When obtaining permission to use copyright-protected works, it’s important to understand the layers of rights in those works. This article examines examples of works with multiple layers of underlying rights, from more complicated works such as films, music, and multimedia works to a simple translation of a book. It also provides tips for obtaining permission to use such works.
Iceberg or Onion: Describing Layers of Rights
There are many ways to describe the layers of rights in a copyright-protected work …
Often the work you see is only the tip of the iceberg.
What you see isn’t always what you get.
Think of a copyright-protected work as an onion.
The visual of an onion is a helpful way of understanding the layers in a copyright-protected work. You may want to use the onion as you initially see it. However, there are several layers of skin under what you see, and often you must clear rights in those underlying layers as well.
Examples of Works with Layers of Rights
The typical example of a pre-digital media work with many layers is a film. If you want to obtain copyright permission to use a film, simply contacting the film’s producer or their representative may not provide you with all of the rights you need. The layers of rights or underlying rights within a film could include:
- The screenplay
- A book or play if the screenplay is an adaptation of either
- Musical works
- Artistic works
In addition, you may have to clear the moral rights in the film. These are the rights that protect the honor and reputation of the author of the film. Moral rights don’t exist in films in the U.S., but do exist in Canada and European and other countries. If you’re clearing rights in a film that will be used in a country where moral rights apply, you must clear those rights.
In addition, there are some non-copyright issues that may require clearance from professional unions like SAG-AFTRA and the American Federation of Musicians. These include performances of actors and musicians in the film.
All of these clearances are necessary whether you’re using a clip from the film or the entire film.
Music is also complicated from a copyright perspective. You may require several permissions, both in terms of the author/owner of the music and the rights necessary to be cleared. The layers of rights include:
- Rights of the author in the musical composition
- Rights of the author in the lyrics
- In some countries, neighboring rights in both the sound recording and in the performer’s performance
You must seek permission from all of these authors or their representatives to use the musical work. In addition, there are many different kinds of rights in music, such as the rights to:
- Mechanically reproduce a sound recording
- Perform the work in public
- Broadcast the work
Multimedia or Digital Works
As you can gather, multimedia or digital works are, by their very nature, comprised of many layers of rights and different kinds of copyright-protected works. Multimedia works include:
- Website content
- CDs or DVDs
- Video games
- Educational software
Multimedia works often consist of various types of works, such as:
- Literary (including computer software)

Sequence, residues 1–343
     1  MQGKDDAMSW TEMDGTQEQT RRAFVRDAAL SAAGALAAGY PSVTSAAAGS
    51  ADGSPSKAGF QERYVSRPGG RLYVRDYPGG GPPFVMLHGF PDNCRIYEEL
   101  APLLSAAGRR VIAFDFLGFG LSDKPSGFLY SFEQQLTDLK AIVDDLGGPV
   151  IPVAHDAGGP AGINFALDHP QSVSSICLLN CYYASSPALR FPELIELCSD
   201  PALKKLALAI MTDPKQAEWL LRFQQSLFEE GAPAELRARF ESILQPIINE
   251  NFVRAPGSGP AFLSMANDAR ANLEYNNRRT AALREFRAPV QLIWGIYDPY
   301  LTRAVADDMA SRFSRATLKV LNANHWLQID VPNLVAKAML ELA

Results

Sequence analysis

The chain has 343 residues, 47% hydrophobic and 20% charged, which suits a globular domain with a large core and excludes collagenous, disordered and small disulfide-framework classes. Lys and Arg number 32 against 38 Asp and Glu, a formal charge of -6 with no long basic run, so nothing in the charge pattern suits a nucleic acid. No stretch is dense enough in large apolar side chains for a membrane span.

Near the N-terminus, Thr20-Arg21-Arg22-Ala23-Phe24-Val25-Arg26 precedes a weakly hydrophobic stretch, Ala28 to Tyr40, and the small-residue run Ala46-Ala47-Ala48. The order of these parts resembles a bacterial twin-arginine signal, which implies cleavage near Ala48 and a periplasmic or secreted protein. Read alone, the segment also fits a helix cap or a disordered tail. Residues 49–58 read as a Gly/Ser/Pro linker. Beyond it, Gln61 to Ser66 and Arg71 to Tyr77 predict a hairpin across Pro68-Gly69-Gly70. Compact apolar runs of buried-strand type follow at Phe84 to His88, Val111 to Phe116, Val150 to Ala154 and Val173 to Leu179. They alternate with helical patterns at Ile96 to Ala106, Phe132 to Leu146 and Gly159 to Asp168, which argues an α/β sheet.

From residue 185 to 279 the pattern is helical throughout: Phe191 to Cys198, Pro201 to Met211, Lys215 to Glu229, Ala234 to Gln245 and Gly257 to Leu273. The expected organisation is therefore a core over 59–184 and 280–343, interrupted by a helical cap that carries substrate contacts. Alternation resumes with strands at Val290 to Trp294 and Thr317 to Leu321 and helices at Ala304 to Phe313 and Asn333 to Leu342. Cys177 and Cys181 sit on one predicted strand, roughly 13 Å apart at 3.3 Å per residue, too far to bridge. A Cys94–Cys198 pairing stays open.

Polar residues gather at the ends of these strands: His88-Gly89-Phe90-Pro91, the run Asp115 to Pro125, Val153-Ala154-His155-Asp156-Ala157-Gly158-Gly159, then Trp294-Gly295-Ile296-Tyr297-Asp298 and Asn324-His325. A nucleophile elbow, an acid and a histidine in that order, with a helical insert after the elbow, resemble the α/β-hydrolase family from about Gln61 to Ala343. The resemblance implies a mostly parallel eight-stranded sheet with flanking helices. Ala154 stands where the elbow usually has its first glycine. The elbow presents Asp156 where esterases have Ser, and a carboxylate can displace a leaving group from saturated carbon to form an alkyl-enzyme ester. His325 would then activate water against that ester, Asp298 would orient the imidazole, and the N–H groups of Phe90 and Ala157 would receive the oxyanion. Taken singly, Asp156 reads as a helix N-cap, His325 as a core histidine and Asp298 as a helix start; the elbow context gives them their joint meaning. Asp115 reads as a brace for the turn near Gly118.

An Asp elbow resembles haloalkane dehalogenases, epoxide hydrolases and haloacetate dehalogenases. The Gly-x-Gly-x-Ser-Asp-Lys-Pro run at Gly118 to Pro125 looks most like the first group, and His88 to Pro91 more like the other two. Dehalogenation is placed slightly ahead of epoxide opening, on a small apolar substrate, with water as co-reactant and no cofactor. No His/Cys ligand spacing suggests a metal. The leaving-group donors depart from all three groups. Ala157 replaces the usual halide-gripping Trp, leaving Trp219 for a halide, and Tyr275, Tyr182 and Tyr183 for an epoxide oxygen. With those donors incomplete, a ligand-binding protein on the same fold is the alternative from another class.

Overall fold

You must clear each of these works when creating a multimedia work or reproducing part of one.
A Translation of a Book
To bring us back to a simple example of how layers of rights work, a translation of a book is comprised of two copyright works. The original work (provided it isn’t in the public domain) is protected by copyright, as is the translation itself. In order to reproduce the translation, you need permission from the copyright owners of both the translation and the original book.
As another example of layers of rights, there are two copyrights in a magazine. There’s copyright in the individual articles and photographs in the magazine, and copyright in the magazine as a whole. If you wish to reproduce the entire magazine, you need permission from the copyright owner of the magazine as well as from the copyright owner of each individual article and photograph in that magazine.
Obtaining Permission to Use Works with Layers of Rights
So, how do you obtain permission in these complex layered works? Copyright collectives offer a resource for users who wish to clear rights. However, there’s no one-stop shop where you can clear all rights for all works. In other words, there’s no single copyright super-collective where users can clear rights to a literary work, a musical work and an artistic work all at the same time.
Instead, there are smaller collectives where you can seek permission for these individual types of works or for specific rights. And in many situations, you have to seek out individual copyright owners to obtain their permission.
If you’re lucky, a film producer or multimedia work owner may have all the rights you need and can provide permission to use a clip or the entire work. However, you should obtain a warranty from them stating they can in fact guarantee or warrant that they may legally provide you with the rights you need.
If the film producer or multimedia work owner cannot provide the rights you need, then you’ll need to clear all of the underlying rights individually. Start by listing all of the underlying works within the complex work. Then, in an organized fashion, contact copyright collectives and individual copyright owners to obtain the rights you need.
Gain an in-depth understanding of U.S. and global copyright law principles, as well as
practical and customizable tools and strategies to address copyright issues in your
enterprise through our fully online Copyright Leadership Certificate program.